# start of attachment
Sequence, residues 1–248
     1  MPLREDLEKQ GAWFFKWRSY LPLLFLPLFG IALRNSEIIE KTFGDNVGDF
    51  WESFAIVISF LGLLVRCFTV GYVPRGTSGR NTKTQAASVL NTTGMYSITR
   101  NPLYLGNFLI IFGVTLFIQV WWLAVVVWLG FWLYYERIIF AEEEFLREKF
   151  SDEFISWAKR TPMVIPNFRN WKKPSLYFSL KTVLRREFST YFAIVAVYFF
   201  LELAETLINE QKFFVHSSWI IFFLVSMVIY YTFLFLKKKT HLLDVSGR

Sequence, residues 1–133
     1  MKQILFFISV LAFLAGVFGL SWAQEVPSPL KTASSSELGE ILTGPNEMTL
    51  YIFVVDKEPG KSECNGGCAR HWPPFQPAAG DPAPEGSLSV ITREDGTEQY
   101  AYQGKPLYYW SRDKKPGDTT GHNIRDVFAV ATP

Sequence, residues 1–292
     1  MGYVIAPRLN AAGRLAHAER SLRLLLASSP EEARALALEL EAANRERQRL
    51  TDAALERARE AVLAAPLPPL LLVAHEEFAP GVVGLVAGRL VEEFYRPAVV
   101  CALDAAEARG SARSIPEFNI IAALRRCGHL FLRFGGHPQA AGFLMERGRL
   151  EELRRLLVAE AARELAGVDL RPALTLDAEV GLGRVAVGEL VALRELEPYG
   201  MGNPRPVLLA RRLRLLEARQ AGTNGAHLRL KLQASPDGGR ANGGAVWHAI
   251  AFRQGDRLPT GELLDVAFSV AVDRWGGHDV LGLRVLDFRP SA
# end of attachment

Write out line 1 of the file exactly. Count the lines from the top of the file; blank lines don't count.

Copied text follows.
Sequence, residues 1–248